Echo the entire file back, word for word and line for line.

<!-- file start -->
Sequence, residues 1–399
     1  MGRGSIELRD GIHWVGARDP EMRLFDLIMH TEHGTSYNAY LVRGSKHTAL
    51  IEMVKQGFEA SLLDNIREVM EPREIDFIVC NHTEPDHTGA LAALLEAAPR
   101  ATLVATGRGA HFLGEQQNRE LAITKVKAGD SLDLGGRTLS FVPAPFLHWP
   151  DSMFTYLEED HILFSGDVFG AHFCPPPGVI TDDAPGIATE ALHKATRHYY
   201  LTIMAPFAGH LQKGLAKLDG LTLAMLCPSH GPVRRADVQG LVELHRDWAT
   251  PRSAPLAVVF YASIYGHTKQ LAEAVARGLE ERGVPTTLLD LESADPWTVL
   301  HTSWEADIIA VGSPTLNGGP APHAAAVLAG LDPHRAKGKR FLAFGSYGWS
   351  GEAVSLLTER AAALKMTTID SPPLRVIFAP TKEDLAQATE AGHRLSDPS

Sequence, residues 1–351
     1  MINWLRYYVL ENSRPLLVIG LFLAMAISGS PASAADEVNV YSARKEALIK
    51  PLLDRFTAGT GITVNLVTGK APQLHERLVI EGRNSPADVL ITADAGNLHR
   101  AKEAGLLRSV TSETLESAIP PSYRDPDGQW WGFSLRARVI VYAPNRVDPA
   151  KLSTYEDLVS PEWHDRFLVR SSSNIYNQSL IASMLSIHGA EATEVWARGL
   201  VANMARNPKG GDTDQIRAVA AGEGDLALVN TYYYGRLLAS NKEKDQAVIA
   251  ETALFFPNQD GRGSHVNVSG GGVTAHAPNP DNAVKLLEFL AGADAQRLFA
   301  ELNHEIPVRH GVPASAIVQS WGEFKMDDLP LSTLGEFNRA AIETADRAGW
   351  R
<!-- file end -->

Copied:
Sequence, residues 1–399
     1  MGRGSIELRD GIHWVGARDP EMRLFDLIMH TEHGTSYNAY LVRGSKHTAL
    51  IEMVKQGFEA SLLDNIREVM EPREIDFIVC NHTEPDHTGA LAALLEAAPR
   101  ATLVATGRGA HFLGEQQNRE LAITKVKAGD SLDLGGRTLS FVPAPFLHWP
   151  DSMFTYLEED HILFSGDVFG AHFCPPPGVI TDDAPGIATE ALHKATRHYY
   201  LTIMAPFAGH LQKGLAKLDG LTLAMLCPSH GPVRRADVQG LVELHRDWAT
   251  PRSAPLAVVF YASIYGHTKQ LAEAVARGLE ERGVPTTLLD LESADPWTVL
   301  HTSWEADIIA VGSPTLNGGP APHAAAVLAG LDPHRAKGKR FLAFGSYGWS
   351  GEAVSLLTER AAALKMTTID SPPLRVIFAP TKEDLAQATE AGHRLSDPS

Sequence, residues 1–351
     1  MINWLRYYVL ENSRPLLVIG LFLAMAISGS PASAADEVNV YSARKEALIK
    51  PLLDRFTAGT GITVNLVTGK APQLHERLVI EGRNSPADVL ITADAGNLHR
   101  AKEAGLLRSV TSETLESAIP PSYRDPDGQW WGFSLRARVI VYAPNRVDPA
   151  KLSTYEDLVS PEWHDRFLVR SSSNIYNQSL IASMLSIHGA EATEVWARGL
   201  VANMARNPKG GDTDQIRAVA AGEGDLALVN TYYYGRLLAS NKEKDQAVIA
   251  ETALFFPNQD GRGSHVNVSG GGVTAHAPNP DNAVKLLEFL AGADAQRLFA
   301  ELNHEIPVRH GVPASAIVQS WGEFKMDDLP LSTLGEFNRA AIETADRAGW
   351  R